Nebulized caffeine alleviates airway hyperresponsiveness in a murine asthma model

Jeffrey M. Loube, Sarah Gidner, Jarrett Venezia, Hurley Ryan, Enid R. Neptune, Wayne Mitzner, Nicholas M. Dalesio

Research output: Contribution to journalArticlepeer-review

Abstract

The clinical definition of "difficult asthma"has expanded recently to include an ever-growing subset of patients with symptoms that cannot be controlled by conventional means, forcing the medical community to develop innovative therapeutics. Beneficial effects of coffee for subjects with asthma, primarily the effect of methylxanthine components, have long been described. Methylxanthines, including theophylline and caffeine, inhibit phosphodiesterases and downstream cAMP signaling to prevent mast cell degranulation while promoting immunomodulation (Peleman RA, Kips JC, Pauwels RA. Clin Exp Allergy 28: 53-56, 1998; Deshpande DA, Wang WCH, McIlmoyle EL, Robinett KS, Schillinger RM, An SS, Sham JSK, Liggett SB. Nat Med 16: 1299-1304, 2010). Caffeine is also a bitter taste receptor agonist, binding to taste-sensing type 2 receptors (TAS2R) before releasing calcium to hyperpolarize airway smooth muscle membranes, inducing bronchodilation (Workman AD, Palmer JN, Adappa ND, Cohen NA. Curr Allergy Asthma Rep 15: 72, 2015; Devillier P, Naline E, Grassin-Delyle S. Pharmacol Ther 155: 11-21, 2015). Theophylline is conventionally used to treat asthma, whereas, according to the literature, the dosage required for orally administered caffeine has yielded modest improvement (Alfaro TM, Monteiro RA, Cunha RA, Cordeiro CR. Clin Respir J 12: 1283-1294, 2018). We sought to determine whether aerosolization of ultrafine caffeine particles (2.5-4 μm) directly to the lungs of susceptible A/J mice challenged with methacholine would improve pulmonary function via forced oscillation technique. In addition, we assessed whether nebulization of caffeine leads to changes in lung pathophysiology and bronchoalveolar lavage cell profiles. We found that mice that received aerosolized caffeine had statistically significant decreases in maximum airway resistance [6.3 vs. 3.9 cmH2O s/mL at 62.5 mg/mL caffeine; confidence interval (CI) -4.3, -0.4; P 0.02] and significant delays in the time required to reach maximum resistance compared with that of controls (64.7 vs. 172.1 sec at 62.5 mg/mL caffeine, CI 96.0, 118.9; P < 0.0001). Nebulized caffeine yielded a consistent effect on airway hyperresponsiveness at a range of doses without evidence of significant pathology relative to vehicle control.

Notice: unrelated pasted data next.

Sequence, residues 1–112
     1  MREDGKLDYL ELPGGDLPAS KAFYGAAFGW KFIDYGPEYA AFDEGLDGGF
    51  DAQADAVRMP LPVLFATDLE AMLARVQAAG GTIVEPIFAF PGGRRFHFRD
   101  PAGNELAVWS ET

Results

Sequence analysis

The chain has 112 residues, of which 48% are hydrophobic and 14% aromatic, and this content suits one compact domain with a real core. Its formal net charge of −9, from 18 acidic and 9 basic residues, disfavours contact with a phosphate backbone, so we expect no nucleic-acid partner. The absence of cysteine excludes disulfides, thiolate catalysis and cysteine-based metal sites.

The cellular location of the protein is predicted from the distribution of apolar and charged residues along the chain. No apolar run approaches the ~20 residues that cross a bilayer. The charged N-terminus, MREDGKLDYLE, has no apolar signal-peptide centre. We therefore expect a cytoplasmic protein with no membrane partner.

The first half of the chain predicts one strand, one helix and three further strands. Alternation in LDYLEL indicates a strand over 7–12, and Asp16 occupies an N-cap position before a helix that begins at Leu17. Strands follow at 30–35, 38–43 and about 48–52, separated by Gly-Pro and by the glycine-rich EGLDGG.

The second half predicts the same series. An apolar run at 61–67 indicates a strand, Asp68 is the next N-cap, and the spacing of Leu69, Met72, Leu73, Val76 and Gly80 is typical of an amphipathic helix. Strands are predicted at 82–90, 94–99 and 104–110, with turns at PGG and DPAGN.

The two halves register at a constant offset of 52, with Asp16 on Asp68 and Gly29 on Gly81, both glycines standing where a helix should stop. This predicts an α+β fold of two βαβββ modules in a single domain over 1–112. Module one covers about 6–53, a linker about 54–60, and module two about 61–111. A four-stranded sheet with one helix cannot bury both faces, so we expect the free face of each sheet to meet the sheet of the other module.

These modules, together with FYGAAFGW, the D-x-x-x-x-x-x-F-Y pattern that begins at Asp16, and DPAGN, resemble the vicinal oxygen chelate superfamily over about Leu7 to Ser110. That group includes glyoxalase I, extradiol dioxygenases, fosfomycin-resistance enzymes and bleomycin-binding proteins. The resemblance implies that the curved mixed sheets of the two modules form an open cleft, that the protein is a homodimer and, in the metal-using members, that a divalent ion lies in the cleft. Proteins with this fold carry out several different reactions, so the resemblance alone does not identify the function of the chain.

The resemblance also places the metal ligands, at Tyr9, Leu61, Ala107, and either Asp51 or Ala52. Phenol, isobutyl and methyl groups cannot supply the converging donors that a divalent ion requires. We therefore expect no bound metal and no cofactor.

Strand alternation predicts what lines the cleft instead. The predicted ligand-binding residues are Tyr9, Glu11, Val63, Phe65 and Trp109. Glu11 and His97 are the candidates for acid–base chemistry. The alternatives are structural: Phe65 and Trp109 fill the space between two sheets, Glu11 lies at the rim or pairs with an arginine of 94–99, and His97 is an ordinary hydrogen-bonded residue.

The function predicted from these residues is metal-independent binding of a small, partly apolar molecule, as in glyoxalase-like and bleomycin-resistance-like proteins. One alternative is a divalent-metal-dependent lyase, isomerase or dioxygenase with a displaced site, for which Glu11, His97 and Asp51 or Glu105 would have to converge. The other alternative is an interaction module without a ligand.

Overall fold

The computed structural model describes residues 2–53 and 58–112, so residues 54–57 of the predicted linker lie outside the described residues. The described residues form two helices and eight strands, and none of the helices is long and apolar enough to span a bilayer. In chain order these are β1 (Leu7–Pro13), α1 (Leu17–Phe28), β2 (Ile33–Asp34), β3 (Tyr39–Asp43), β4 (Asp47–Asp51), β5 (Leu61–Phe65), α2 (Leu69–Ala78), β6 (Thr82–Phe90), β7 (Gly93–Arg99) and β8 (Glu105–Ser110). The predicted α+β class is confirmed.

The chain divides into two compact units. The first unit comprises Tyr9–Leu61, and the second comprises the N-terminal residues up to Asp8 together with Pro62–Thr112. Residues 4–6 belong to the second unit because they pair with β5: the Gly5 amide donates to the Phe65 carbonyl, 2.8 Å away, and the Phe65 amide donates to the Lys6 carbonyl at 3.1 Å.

Original languageEnglish (US)
Pages (from-to)L500-L507
JournalAmerican Journal of Physiology - Lung Cellular and Molecular Physiology
Volume325
Issue number4
DOIs
StatePublished - Oct 2023

Keywords

  • TAS2R
  • airway hyperresponsiveness
  • asthma
  • bitter taste receptors
  • caffeine

ASJC Scopus subject areas

  • Physiology (medical)
  • Physiology
  • Pulmonary and Respiratory Medicine
  • Cell Biology

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